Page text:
ELECT falls within the methodological framework of ‘grounded normative theory’. It combines normative democratic theory with a mixed-methods and comparative research design to investigate the moral agency of key actors involved in contemporary election campaigns.

The moral agency of electoral actors becomes concerning when they are confronted with motivations to behave in ways that undermine democratic norms or political trust.

The context in which electoral actors exercise their moral agency has been changing, presenting them with new normative challenges relating to their respective electoral conduct. Recent changes include the strategic and communicative possibilities provided by big data and new media, and the evolving competitive landscape relating to the emergence of new electoral challengers.

Existing research on the tensions between contemporary election campaigns and democracy and political trust has primarily focused on campaign outputs, e.g. ads, manifestos, social media posts. Far less studied are the moral dimensions of campaign inputs as related to attitudes, beliefs and motivations of campaign actors, and how those influence actors’ conduct – as well as how their moral decision-making is affected by institutions and regulations.

Neglect of this input perspective leaves major knowledge gaps that limit our ability to accurately diagnose normative problems with campaigning and prescribe effective solutions. ELECT will attempt to fill these gaps by exploring the moral agency of electoral actors in four major democracies that have been subject to recent disruptions in the campaign context: Germany, Italy, the United Kingdom and the United States.  


FLEXI: Fluid texts and scholars’ digests: (re)production of law in medieval Ireland

Speaking about FLEXI, Dr Fangzhe Qiu said: “FLEXI aims to find out how law was transmitted and reproduced by scholars rather than by a centralised authority in medieval Europe, by studying the late medieval Irish legal ‘Digests’. By combining linked data model and network analysis, comparative legal history and natural language processing methods, FLEXI examines the structure and connections of the texts besides their contents, focusing especially on their compilatory principles and intellectual networks. It will revolutionise how we use medieval documents to understand intellectual life and textual reproduction.”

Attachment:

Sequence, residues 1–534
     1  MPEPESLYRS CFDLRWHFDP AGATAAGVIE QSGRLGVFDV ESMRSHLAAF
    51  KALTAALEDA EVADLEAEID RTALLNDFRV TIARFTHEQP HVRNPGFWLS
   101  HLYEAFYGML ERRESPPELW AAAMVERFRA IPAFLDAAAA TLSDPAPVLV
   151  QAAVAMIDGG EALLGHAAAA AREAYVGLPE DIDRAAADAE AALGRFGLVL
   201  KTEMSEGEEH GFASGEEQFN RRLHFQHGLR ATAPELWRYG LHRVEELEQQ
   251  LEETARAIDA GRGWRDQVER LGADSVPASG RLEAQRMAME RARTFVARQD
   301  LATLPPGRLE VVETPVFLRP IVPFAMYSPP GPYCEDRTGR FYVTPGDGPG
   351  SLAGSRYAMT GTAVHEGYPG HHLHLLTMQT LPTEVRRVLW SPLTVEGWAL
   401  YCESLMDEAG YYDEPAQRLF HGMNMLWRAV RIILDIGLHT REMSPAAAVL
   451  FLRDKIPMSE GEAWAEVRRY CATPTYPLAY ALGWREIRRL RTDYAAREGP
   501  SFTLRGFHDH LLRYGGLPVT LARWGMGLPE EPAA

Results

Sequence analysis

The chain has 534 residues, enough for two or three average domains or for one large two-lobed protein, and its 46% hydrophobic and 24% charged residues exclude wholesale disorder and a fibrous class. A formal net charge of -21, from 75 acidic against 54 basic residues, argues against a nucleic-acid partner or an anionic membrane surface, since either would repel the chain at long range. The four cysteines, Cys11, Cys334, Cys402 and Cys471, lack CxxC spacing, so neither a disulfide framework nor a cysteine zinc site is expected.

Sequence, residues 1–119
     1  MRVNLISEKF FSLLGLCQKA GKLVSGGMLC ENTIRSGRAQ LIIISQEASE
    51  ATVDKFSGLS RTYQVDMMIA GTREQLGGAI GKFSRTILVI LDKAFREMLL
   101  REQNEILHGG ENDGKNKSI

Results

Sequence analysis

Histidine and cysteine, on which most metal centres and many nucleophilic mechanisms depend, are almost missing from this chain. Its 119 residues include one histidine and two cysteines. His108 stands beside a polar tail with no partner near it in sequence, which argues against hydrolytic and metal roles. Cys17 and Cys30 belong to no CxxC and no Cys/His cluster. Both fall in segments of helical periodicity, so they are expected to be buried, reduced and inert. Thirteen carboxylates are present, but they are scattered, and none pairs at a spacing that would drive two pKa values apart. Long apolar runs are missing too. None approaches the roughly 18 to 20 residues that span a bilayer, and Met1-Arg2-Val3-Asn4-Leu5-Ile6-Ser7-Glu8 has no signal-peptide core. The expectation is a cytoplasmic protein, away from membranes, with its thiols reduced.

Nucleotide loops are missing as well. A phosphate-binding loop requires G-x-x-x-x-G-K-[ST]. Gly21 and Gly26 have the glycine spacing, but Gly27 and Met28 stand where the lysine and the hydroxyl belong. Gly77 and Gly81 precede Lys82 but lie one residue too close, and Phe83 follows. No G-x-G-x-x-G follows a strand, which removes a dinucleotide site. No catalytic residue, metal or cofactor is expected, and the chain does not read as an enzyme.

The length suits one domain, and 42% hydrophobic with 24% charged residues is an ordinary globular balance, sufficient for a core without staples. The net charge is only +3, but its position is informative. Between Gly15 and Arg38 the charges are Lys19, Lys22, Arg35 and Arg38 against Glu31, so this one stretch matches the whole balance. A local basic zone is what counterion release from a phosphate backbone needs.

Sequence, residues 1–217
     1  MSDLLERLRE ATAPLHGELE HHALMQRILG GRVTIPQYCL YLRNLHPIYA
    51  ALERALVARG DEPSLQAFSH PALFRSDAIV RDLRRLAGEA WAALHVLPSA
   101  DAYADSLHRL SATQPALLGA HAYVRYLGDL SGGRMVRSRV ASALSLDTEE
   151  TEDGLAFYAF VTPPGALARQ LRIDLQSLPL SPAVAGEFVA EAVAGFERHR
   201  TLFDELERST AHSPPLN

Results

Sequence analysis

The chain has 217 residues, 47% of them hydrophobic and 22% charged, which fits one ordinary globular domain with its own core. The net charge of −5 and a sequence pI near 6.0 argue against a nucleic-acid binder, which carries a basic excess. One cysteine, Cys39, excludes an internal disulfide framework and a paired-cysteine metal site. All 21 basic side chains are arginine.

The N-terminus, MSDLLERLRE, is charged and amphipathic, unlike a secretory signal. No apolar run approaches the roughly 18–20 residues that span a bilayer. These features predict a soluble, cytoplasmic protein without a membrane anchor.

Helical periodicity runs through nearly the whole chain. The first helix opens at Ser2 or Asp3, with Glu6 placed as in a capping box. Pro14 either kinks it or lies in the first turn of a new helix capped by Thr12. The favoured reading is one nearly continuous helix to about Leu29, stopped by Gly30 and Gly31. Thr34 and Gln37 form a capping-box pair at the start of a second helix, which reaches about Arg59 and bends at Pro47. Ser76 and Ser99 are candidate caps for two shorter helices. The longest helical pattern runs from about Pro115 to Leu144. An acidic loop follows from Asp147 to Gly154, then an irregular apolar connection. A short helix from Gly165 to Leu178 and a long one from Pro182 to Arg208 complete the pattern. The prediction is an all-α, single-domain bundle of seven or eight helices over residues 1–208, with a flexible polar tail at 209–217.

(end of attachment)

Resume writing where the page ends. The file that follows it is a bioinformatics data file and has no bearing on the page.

The project investigates how the fluid, multifarious law texts were produced and reproduced and accepted as sources of law in medieval Europe, using four sets of late medieval Irish law texts called the ‘Digests’ as its main object of study. The Digests contain texts quoted from diverse sources, and organise them into a systematic review of the legal tradition.

The texts represent the law in operation in the form of highly variegated and complex intertextual networks, and therefore are an ideal sample for studying the dynamics between fluidity and unity in medieval law texts.

It is not only the first in-depth study of the Irish digests, but also a ground-breaking attempt to synthesise philology, comparative legal history, network theories, and digital techniques to revolutionise the research of medieval law texts.

FLEXI traces and measures the sources used in these digests quantitatively, using linked data model and network analysis to reveal their compilatory principles and text reuse patterns. This is an innovative approach to probe the intellectual universe of the jurists. It evaluates the variation within the digests and examines the interpretative techniques by which the jurists justified and harmonised the variation.

FLEXI also looks for possible influences from other legal traditions such as the Canon Law and the Civil Law on the compilatory principles of the Digests, and makes comparison with medieval Welsh law on how inherited materials were treated and updated in Ireland and Wales.

Finally, FLEXI tests and develops software for automated detection of parallel texts (text reuse) for early Irish texts. The toolkit and software developed by FLEXI will offer a long-needed digital solution to the processing of early Irish texts, because it can quickly identify similar texts from the vast corpus of Irish materials, thus revealing intertextual relationships hidden from the human eye.